Culture

SPIKED PUNCH: Liquor up your body with these peppered garments

You’re not gonna find a bowl of the tainted red stuff here. There’s nothing about drinking, punch, and partying. If you want that go find yourself at a tedious frat party and drown in a bowl of jungle juice. But if you want some kickass “punch” in your wardrobe, check out up-and-coming fashion label Spiked Punch, currently known only to a small group of loyalists. Punch is an esoteric garment for fashion mavens who can care less about magazine cutouts and runway styles, and focus more on idiosyncrasy and creativity. You’ll find yourself digging through the screened graphic designs that include the mad-looking signature “juggie bear,” who’s never illustrated without his alcohol and a prominence of eccentric militant designs, edging on a punk-rock attitude.

The ingenious mind behind this growing label is Daniel St. George, a 24 year-old painter and former Robert Lee Morris jewelry art director. No large, corporate design team is behind Spiked Punch-St. George is the singular designer. He just likes to consider himself a “painter,” and deems himself to be somewhere in between an artist and a fashion designer. Put it this way: his work is too artsy to be graphic, and too graphic for fine arts.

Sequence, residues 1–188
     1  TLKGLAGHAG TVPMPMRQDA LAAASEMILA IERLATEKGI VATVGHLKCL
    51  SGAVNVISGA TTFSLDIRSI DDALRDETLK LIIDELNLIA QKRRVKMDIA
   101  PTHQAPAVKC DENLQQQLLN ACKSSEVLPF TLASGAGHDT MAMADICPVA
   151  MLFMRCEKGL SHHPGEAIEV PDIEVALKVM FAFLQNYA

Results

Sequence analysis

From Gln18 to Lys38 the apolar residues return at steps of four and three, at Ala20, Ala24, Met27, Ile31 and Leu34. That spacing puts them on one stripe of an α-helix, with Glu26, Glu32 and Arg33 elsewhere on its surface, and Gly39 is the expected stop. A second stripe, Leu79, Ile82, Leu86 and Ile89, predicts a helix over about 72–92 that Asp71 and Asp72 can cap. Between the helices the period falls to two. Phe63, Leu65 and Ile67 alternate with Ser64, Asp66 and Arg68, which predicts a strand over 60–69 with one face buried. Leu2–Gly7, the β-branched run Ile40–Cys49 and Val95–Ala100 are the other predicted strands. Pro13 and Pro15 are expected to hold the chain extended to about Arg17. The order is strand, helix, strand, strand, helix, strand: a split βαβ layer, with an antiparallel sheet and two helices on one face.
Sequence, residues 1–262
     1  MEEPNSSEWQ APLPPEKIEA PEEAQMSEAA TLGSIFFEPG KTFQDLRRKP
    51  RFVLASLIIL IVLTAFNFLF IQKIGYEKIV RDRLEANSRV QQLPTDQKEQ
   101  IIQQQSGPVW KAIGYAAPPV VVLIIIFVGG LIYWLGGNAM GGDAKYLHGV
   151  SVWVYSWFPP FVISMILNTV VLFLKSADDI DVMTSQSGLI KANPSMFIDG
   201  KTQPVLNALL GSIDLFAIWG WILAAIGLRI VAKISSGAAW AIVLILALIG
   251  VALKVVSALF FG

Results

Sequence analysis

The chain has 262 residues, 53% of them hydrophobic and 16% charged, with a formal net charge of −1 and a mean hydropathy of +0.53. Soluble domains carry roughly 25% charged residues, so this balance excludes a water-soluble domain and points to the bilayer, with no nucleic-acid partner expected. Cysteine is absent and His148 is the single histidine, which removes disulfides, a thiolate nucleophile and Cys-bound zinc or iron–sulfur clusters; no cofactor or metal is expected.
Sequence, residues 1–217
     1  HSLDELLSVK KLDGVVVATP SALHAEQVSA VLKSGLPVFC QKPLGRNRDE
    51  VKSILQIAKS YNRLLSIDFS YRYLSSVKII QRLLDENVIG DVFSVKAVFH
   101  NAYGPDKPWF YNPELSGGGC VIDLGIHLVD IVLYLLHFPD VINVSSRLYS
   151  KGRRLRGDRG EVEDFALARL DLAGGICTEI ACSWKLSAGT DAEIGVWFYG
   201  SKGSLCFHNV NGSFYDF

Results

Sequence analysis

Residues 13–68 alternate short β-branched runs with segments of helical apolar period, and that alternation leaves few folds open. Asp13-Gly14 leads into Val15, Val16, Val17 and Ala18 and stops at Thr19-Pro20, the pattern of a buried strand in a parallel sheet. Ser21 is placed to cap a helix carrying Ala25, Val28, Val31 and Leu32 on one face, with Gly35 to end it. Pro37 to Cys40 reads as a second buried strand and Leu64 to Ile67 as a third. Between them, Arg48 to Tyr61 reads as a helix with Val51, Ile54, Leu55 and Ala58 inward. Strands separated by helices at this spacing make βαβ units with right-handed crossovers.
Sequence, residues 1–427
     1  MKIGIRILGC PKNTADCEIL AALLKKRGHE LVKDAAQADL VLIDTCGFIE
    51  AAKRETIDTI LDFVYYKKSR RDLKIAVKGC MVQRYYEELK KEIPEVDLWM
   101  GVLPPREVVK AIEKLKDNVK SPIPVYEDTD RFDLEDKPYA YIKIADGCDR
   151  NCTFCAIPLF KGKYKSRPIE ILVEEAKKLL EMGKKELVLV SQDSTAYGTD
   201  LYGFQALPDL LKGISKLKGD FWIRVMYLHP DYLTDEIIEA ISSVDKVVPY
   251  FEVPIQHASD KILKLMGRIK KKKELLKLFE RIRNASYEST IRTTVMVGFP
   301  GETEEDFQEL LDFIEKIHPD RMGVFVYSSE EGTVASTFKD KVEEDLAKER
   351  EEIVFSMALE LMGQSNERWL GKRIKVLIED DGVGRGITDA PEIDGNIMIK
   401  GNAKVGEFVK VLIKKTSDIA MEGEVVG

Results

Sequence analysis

Though he was a military child growing up during the Gulf War, there is no political significance in his designs: he claims that he is just trying to work out some personal things with his past that encompass the militaristic images. While working at Robert Lee Morris, St. George developed a greater interest in fashion and began working with printmaking, which finally led him to develop the idea of creating his own clothing line.

“[Spiked Punch] is an expression of who I am,” says St. George. ” Instead of creating art on canvas and other media, I decide to do it on clothing.”

It’s about taking normality and ordinariness and changing them slightly by reinventing them. His designs are limited to T-shirts and he is currently working on “cut-and-sew hoodies.” Some regard his work as “ugly cute,” meaning that the icons or designs are ugly in nature, like the bear images, but create a cute fa

November 1, 2002

Reporters

The Miami Hurricane

Student newspaper at the University of Miami


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